Foran grads told, as in baseball, never give up

The Foran High School baseball team’s recent unexpected 2017 Class L state championship provided the perfect subject matter for speeches at Foran’s graduation Wednesday: Despite the odds, the graduates were told, never give up.

Class President John Lickteig, who will study biology at the University of North Carolina at Chapel Hill in the fall, kicked off graduation by recalling the way the team struggled, performing badly at the start of the season, and then surprising everyone by taking the Class L title.

“What changed?” he asked. “We realized the opportunity to play baseball together was slipping away quickly, and all the talent we had was being wasted because of the slump we were in. So we made the decision to not give up.”

School Principal Max Berkowitz continued the theme, using the team’s victory as a metaphor for facing life’s challenges and winning despite the odds.

“There were people that said the team didn’t belong in the state tournament,” the principal said. “They were seeded 32, last seed, they had a losing record. People in the media and many others believed they had no business being there and they would be eliminated quickly. They refused to accept that.

“They believed in themselves,” Berkowitz said.

And he said to the Class of 2017, “There will be times when you will want to quit on yourself."

He said, “I urge you to never give up, never give in, even when the cards are stacked against you.”

Foran High School’s Class of 2017 graduated under sunny skies Wednesday on the school’s football field. The gathering of families and friends also heard from the class valedictorian and salutatorian.

School Supt. Dr. Elizabeth Feser described Gino Esposito, the class salutatorian, as a “quiet, humble and appreciative young man,” “someone the world needs today in so many ways.”

Gino, who wrestled in high school and led the team to a state championship as captain, plans to attend the University of North Carolina at Chapel Hill, where he will study business and engineering, and continue wrestling.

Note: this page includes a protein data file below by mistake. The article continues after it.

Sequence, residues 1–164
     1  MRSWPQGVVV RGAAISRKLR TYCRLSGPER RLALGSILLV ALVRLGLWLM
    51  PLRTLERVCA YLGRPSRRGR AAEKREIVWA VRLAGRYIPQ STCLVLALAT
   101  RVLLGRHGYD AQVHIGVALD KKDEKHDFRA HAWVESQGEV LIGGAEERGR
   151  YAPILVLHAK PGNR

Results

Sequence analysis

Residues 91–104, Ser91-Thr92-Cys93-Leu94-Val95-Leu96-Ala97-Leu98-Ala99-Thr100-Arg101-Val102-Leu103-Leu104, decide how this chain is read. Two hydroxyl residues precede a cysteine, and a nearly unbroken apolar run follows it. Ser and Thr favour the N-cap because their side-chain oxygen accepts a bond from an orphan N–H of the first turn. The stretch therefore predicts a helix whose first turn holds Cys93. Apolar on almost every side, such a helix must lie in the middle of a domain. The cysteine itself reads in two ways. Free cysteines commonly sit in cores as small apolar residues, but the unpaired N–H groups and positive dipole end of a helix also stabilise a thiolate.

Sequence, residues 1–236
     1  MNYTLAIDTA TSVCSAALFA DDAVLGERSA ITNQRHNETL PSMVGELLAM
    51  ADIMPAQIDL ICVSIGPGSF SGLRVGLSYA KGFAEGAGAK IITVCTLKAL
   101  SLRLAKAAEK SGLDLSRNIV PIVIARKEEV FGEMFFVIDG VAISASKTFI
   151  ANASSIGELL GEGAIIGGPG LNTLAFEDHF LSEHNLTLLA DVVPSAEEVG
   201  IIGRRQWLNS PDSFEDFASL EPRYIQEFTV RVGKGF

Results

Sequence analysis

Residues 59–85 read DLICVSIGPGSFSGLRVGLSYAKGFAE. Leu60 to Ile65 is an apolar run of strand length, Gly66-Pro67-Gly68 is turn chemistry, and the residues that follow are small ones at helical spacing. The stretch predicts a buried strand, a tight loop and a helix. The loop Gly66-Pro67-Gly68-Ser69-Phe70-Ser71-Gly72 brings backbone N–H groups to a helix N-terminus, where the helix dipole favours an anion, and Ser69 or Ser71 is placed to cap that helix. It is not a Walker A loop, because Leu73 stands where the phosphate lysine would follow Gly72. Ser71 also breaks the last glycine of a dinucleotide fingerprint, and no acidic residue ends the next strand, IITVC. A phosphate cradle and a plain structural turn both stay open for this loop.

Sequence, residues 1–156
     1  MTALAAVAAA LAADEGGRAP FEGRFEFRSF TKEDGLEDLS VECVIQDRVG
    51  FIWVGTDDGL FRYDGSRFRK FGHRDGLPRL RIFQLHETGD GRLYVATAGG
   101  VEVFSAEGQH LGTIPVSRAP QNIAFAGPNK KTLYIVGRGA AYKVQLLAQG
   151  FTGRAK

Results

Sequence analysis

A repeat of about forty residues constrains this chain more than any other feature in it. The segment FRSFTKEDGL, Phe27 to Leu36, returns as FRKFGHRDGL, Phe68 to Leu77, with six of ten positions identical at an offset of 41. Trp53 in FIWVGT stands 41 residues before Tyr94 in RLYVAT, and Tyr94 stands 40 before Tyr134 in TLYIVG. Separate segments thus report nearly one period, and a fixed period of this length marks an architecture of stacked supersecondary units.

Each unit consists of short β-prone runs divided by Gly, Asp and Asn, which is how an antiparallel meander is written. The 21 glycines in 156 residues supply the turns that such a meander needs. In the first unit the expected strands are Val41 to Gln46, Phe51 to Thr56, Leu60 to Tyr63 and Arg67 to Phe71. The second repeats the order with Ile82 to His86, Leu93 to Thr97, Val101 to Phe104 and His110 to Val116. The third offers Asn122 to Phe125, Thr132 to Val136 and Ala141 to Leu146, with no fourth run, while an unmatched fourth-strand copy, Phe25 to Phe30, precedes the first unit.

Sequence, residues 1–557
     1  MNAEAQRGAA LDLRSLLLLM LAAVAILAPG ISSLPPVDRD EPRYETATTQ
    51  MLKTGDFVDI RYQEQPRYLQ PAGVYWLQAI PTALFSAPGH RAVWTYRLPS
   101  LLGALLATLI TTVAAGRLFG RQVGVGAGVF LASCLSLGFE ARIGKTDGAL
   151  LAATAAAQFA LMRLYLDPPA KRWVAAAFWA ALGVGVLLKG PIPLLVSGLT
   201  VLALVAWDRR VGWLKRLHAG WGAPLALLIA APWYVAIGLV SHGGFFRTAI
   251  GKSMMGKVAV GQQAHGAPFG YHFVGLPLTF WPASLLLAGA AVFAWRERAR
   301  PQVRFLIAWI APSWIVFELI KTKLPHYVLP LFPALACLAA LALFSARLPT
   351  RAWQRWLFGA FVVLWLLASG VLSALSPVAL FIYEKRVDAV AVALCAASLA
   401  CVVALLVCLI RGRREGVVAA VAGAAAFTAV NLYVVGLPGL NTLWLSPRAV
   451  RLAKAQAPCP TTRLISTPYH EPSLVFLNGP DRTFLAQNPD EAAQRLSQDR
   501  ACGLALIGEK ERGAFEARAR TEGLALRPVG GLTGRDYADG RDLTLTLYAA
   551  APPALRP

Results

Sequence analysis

After thanking everyone in the audience who ever served in the military, and graduates who are heading to the military, Gino talked about some of the qualities he values, including love.

“I believe in love,” he said. “The ultimate purpose of life, no matter what you believe in, is to love others. To me, love is what connects us as humans, and what makes each of us different. Love is accepting, and love is hard. Love is mysterious and vulnerable, yet unselfish. I want to talk about love today because to me, love is the only thing that can change a society today that is filled with hatred and negativity.”

Class Valedictorian Isabella Teixiera told her fellow graduates to be sure to follow their own dreams, not someone else’s.

“We morph ourselves to fit what other people want out of us and it blurs the lines of reality and the outward projection of who were are,” she said. “We change ourselves from circles to squares in order to fit the preset hole.”

She suggested her classmates focus on themselves and pursue their own interests.

“Sometimes self-interested is the most generous thing you can be,” she said.

Isabella, who won many honors in high school, including one for her legal oratory skills, plans to study biology at the University of Connecticut in the fall.